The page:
NEW YORK — About 200,000 Citibank credit card customers in North America have had their names, account numbers and e-mail addresses stolen by hackers who broke into Citi's online account site.
Citigroup said Thursday it discovered that account information for about 1 percent of its 21 million North American credit card customers had been viewed by hackers. Citi said it was contacting those customers.
The bank said hackers weren't able to gain access to Social Security numbers, birth dates, card expiration dates or card security codes.
That kind of information often leads to identity theft, where cyber criminals empty out bank accounts and apply for multiple credit cards. That can debilitate the finances and credit of victims. Citi customers could still be vulnerable other problems.
Details about their bank accounts and financial information linked to them could be acquired using the e-mail information and account numbers hackers stole.
The Citi data breach was the latest in a series of recent high-profile data attacks against several major companies.
• On June 1, Google said that the personal Gmail accounts of several hundred people, including senior U.S. government officials, military personnel and political activists, had been breached.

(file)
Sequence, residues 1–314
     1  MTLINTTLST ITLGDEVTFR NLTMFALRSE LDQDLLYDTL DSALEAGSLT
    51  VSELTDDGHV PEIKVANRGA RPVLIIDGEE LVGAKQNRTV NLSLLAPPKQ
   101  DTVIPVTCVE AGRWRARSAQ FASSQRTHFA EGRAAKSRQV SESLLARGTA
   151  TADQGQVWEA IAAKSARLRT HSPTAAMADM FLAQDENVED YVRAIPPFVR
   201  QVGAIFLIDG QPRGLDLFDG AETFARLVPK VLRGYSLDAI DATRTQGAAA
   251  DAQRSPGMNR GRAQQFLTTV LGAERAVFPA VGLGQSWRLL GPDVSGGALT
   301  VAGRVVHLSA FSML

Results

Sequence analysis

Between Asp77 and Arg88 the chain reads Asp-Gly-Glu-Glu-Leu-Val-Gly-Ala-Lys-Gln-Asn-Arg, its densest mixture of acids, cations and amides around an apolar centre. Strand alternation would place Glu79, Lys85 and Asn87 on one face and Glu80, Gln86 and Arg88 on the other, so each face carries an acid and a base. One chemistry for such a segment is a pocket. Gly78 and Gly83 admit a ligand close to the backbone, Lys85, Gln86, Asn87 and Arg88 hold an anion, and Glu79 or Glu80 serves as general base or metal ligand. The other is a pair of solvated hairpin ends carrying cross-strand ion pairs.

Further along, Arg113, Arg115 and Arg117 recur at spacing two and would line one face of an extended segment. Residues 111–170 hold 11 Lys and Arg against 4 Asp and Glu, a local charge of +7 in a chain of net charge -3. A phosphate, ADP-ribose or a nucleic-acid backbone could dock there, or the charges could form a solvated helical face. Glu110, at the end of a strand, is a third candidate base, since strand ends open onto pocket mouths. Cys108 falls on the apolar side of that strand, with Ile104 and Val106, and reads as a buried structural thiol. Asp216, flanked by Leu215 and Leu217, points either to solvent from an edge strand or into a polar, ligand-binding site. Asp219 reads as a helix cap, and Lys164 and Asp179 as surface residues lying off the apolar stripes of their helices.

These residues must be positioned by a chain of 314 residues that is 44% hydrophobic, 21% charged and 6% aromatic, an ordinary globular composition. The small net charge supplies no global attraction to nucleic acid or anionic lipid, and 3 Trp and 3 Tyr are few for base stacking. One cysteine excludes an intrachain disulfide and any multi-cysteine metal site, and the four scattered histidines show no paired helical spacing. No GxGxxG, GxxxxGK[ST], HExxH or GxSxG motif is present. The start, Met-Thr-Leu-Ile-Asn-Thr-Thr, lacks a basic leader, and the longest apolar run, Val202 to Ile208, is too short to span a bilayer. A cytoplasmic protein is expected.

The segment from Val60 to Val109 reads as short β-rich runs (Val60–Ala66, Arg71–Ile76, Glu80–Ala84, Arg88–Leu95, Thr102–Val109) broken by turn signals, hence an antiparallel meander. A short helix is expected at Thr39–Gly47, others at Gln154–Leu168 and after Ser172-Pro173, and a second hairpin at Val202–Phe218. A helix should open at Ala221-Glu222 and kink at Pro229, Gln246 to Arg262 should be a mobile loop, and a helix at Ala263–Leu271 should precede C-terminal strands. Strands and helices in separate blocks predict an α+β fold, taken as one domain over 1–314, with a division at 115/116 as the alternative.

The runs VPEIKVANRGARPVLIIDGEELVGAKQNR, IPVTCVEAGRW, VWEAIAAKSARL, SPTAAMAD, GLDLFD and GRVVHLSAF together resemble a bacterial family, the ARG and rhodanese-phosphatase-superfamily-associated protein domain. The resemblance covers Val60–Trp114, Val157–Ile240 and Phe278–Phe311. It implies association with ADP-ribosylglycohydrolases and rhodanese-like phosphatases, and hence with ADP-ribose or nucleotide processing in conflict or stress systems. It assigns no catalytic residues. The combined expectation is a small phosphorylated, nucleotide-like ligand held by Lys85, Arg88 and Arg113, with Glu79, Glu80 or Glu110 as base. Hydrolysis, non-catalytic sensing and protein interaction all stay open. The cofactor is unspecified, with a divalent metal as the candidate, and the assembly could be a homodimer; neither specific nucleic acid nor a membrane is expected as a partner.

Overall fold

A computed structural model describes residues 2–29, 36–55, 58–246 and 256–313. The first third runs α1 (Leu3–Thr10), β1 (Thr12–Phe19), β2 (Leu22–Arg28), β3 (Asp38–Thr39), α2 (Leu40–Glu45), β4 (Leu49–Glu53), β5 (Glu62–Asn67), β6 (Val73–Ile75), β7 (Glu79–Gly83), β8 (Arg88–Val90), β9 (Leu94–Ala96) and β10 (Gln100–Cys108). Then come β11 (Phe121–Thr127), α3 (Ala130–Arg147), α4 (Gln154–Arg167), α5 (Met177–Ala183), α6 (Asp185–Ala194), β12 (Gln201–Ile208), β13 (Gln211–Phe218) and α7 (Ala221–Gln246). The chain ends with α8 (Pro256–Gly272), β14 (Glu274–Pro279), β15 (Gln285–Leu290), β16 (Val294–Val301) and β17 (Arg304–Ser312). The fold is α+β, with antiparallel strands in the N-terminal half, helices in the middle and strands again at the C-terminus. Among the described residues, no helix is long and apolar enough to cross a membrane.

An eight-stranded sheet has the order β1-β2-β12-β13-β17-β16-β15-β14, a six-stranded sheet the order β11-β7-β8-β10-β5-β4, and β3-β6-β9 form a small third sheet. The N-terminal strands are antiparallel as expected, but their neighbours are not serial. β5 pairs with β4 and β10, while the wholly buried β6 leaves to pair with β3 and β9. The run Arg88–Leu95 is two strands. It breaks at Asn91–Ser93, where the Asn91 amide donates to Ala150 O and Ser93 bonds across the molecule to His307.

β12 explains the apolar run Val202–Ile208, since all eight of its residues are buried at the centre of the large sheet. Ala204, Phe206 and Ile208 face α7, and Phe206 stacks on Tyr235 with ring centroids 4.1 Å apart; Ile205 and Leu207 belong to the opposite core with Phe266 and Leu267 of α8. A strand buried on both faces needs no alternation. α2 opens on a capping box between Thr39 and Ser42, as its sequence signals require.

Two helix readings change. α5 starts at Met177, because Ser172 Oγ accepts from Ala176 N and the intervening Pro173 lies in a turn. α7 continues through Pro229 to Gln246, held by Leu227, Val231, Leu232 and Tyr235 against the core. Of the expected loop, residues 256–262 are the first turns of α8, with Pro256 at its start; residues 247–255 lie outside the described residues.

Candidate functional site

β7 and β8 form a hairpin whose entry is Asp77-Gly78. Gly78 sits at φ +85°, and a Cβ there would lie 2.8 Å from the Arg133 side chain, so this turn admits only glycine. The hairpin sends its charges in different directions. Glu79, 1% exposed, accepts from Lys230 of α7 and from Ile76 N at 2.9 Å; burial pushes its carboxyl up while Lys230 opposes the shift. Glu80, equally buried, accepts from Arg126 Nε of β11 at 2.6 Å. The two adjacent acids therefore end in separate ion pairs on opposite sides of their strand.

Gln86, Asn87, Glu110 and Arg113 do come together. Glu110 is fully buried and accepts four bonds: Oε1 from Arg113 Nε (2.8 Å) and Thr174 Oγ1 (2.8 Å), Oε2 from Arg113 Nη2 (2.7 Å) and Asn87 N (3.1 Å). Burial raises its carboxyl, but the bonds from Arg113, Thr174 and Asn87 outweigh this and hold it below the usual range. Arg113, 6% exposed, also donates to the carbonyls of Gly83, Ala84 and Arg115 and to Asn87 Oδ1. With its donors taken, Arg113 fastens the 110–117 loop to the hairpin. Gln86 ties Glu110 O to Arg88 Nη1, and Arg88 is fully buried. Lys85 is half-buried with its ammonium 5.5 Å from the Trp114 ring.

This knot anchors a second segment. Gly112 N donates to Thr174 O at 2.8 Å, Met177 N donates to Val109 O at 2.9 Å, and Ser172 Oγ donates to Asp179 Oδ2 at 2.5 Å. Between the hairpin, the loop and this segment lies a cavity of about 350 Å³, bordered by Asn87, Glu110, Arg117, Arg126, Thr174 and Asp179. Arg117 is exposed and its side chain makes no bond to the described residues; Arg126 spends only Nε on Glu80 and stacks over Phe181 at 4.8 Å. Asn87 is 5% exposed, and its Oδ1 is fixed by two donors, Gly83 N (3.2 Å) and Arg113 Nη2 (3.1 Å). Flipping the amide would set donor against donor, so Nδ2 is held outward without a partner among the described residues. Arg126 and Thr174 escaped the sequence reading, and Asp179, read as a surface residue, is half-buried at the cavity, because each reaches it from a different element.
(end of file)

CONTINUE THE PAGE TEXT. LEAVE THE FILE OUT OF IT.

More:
• On May 30, broadcaster PBS confirmed that hackers cracked the network's website and posted a phony story claiming dead rapper Tupac Shakur was alive in New Zealand.
• On May 28, defense contractor Lockheed Martin said it had detected a "significant and tenacious attack" against its computer networks. The company said it took swift and deliberate actions to protect the network and the systems remain secure.
• In April, media and electronics company Sony Corp.'s PlayStation Network was shut down after a massive security breach that affected more than 100 million online accounts.
The number of data breaches in the past two months sets a "high water mark," said John Ottman, chief executive of Application Security, a New York firm that specializes in securing databases, the big repositories companies use to organize account information and other data.
"Attackers have realized that most organizations have not properly protected databases," Ottman said.
Cyber attackers have a variety of less-dangerous motivations, from mischief to online activism. But often such data breaches are an attempt to steal personal data, which is likely the case with Citi.
Hackers also will pose as legitimate companies in a tactic known as phishing, where they try to get users to supply additional information such as Social Security numbers and e-mail or bank passwords to get access to their financial information.
Sean Kevelighan, a spokesman for Citi, said the bank is contacting affected customers and enhancing procedures to prevent a similar security breach from happening again.
"For the security of these customers, we are not disclosing further details," he said.